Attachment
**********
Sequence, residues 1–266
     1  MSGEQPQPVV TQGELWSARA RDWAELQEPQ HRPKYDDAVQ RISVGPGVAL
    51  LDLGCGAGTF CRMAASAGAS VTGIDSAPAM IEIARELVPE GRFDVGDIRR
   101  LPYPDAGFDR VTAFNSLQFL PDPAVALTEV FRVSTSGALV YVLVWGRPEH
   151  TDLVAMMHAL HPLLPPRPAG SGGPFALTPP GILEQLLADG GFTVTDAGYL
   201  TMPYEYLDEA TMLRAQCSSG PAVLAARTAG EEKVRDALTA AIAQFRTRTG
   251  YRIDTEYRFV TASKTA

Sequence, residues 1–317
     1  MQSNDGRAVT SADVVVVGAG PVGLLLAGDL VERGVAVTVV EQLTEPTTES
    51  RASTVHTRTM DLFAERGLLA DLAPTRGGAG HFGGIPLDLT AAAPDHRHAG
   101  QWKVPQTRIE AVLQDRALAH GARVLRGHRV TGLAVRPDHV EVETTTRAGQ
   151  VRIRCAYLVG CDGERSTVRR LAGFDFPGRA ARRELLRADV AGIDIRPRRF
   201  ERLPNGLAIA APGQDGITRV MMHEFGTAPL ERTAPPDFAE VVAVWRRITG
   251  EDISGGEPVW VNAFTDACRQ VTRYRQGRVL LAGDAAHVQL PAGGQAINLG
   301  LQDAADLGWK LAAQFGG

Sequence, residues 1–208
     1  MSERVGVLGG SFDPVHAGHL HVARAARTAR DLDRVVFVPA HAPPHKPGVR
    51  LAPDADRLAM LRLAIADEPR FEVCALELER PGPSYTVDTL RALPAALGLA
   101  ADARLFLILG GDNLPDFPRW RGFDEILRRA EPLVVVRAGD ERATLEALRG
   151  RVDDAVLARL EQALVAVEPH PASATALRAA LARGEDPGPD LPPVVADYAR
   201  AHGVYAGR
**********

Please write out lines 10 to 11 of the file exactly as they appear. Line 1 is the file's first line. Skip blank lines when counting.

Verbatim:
    51  RASTVHTRTM DLFAERGLLA DLAPTRGGAG HFGGIPLDLT AAAPDHRHAG
   101  QWKVPQTRIE AVLQDRALAH GARVLRGHRV TGLAVRPDHV EVETTTRAGQ